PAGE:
Against type E
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It’s generally assumed that a compositional semantic theory will have to recognise a semantic category of expressions which serve simply to pick out some one object: e-type expressions. Kripke’s views about names (Kripke, 1980), Kaplan’s about indexicals and demonstratives (Kaplan, 1989), the standard Tarskian semantics for bound variables (Tarski, 1956), Heim and Kratzer’s Strawsonian view about definites (Heim and Kratzer, 1998), even an (admittedly somewhat unpopular) analysis of indefinites (namely Fodor and Sag, 1982), assume as much. In this thesis, I argue that recent advances in the semantics of names and of quotation, and in metaphysics, give good reason to doubt there is such a category. I do so in two parts. In the first part, comprising about two thirds of the thesis, I combine two recent views, one from semantics and one from metaphysics. From semantics, I take over predicativism about names, the view, as one might have guessed, that names are predicates. From metaphysics, I take over the doctrine that there are temporal parts. Putting them together, I hold that the semantic contribution of the name ’Joan’, in a sentence like ’Joan is a barrister’, is a predicate, and in particular (and somewhat roughly) a predicate the extension of which is Joan’s temporal parts. Names are not, as is commonly thought, e-type expressions. In the second part, building on the first, I further undermine the existence of a semantically important category of e-type expressions by arguing that a construction which might be thought to mandate such a category, namely de re attitude ascriptions, in fact, when properly analysed, does not do so. I argue this by considering the nature of transparent occurrences of expressions in opaque contexts in general, and in particular by considering the phenomenon of mixed quotation. I present a new theory of it, and show how it can be parlayed into a new Fregean theory of de re attitude ascriptions. The thesis overall, then, will provide strong evidence against the semantic importance of e-type expressions either in language, or in (our reporting of) thought.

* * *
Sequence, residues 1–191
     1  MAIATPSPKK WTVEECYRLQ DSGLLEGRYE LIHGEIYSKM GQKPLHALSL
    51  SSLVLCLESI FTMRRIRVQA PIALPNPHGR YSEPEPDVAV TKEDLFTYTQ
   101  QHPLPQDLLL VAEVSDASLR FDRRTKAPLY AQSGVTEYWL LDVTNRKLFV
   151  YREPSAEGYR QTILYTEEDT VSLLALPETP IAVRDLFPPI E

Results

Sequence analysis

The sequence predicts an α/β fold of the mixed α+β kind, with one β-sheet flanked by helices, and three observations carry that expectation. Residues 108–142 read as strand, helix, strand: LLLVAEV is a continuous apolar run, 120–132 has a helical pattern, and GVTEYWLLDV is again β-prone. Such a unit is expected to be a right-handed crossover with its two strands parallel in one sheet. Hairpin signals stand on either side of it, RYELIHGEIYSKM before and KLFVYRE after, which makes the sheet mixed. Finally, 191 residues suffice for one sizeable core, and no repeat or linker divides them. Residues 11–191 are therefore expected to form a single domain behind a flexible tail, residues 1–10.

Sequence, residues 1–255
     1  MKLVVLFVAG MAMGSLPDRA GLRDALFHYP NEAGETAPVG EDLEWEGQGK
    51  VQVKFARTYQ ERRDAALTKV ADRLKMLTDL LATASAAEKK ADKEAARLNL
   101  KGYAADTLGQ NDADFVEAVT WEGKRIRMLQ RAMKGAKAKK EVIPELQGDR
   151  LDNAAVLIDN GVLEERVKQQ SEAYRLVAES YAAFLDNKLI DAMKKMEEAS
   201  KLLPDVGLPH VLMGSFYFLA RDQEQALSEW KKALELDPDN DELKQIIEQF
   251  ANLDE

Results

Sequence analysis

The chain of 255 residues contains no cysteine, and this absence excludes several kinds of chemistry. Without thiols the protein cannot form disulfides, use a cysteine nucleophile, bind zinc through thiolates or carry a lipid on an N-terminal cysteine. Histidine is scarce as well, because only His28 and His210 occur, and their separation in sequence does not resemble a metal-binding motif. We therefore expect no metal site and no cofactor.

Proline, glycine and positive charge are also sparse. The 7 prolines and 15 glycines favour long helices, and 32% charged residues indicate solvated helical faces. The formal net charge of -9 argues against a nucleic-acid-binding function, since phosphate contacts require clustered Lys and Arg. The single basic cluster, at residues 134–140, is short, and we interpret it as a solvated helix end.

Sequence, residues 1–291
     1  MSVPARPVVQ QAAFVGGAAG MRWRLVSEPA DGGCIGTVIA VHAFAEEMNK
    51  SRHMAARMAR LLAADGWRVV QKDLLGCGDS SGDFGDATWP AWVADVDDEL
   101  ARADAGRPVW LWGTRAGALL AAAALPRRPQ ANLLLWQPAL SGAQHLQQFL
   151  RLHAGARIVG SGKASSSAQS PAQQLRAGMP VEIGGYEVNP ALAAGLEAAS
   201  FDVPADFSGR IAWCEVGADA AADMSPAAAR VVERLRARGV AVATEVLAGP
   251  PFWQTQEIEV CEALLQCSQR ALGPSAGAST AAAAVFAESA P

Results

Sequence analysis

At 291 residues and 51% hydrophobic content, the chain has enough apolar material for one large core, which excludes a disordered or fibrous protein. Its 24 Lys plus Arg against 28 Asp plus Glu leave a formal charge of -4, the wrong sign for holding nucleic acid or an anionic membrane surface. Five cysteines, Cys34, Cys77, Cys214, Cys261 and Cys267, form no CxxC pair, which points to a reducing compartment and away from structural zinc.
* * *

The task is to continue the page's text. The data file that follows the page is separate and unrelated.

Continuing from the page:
Thesis, PhD Doctor of Philosophy
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